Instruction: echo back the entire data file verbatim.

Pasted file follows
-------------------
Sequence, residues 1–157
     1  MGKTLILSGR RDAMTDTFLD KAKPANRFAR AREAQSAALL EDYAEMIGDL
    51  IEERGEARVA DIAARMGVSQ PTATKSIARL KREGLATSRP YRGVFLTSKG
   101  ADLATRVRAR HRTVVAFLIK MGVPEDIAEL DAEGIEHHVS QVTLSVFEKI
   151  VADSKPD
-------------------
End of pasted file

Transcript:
Sequence, residues 1–157
     1  MGKTLILSGR RDAMTDTFLD KAKPANRFAR AREAQSAALL EDYAEMIGDL
    51  IEERGEARVA DIAARMGVSQ PTATKSIARL KREGLATSRP YRGVFLTSKG
   101  ADLATRVRAR HRTVVAFLIK MGVPEDIAEL DAEGIEHHVS QVTLSVFEKI
   151  VADSKPD